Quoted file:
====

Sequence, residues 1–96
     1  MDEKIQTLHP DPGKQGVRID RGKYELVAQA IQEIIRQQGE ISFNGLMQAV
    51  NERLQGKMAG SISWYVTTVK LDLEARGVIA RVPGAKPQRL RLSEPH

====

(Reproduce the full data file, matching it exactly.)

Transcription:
Sequence, residues 1–96
     1  MDEKIQTLHP DPGKQGVRID RGKYELVAQA IQEIIRQQGE ISFNGLMQAV
    51  NERLQGKMAG SISWYVTTVK LDLEARGVIA RVPGAKPQRL RLSEPH